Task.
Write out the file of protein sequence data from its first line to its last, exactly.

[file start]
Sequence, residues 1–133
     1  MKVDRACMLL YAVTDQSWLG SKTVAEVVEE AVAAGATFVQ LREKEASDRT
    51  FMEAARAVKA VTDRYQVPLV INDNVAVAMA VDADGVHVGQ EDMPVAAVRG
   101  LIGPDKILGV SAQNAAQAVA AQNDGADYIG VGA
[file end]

Sequence, residues 1–133
     1  MKVDRACMLL YAVTDQSWLG SKTVAEVVEE AVAAGATFVQ LREKEASDRT
    51  FMEAARAVKA VTDRYQVPLV INDNVAVAMA VDADGVHVGQ EDMPVAAVRG
   101  LIGPDKILGV SAQNAAQAVA AQNDGADYIG VGA